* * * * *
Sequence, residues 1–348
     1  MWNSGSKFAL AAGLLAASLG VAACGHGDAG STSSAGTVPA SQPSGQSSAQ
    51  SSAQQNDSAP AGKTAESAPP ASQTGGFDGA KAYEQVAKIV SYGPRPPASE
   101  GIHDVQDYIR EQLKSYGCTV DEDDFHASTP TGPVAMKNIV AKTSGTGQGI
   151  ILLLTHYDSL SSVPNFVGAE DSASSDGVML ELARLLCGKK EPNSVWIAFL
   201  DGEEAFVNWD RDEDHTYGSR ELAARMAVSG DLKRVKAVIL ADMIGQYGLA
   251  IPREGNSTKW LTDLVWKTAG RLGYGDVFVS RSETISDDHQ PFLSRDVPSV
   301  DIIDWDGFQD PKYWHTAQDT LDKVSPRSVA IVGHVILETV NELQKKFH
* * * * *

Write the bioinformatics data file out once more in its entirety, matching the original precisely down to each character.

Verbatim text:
Sequence, residues 1–348
     1  MWNSGSKFAL AAGLLAASLG VAACGHGDAG STSSAGTVPA SQPSGQSSAQ
    51  SSAQQNDSAP AGKTAESAPP ASQTGGFDGA KAYEQVAKIV SYGPRPPASE
   101  GIHDVQDYIR EQLKSYGCTV DEDDFHASTP TGPVAMKNIV AKTSGTGQGI
   151  ILLLTHYDSL SSVPNFVGAE DSASSDGVML ELARLLCGKK EPNSVWIAFL
   201  DGEEAFVNWD RDEDHTYGSR ELAARMAVSG DLKRVKAVIL ADMIGQYGLA
   251  IPREGNSTKW LTDLVWKTAG RLGYGDVFVS RSETISDDHQ PFLSRDVPSV
   301  DIIDWDGFQD PKYWHTAQDT LDKVSPRSVA IVGHVILETV NELQKKFH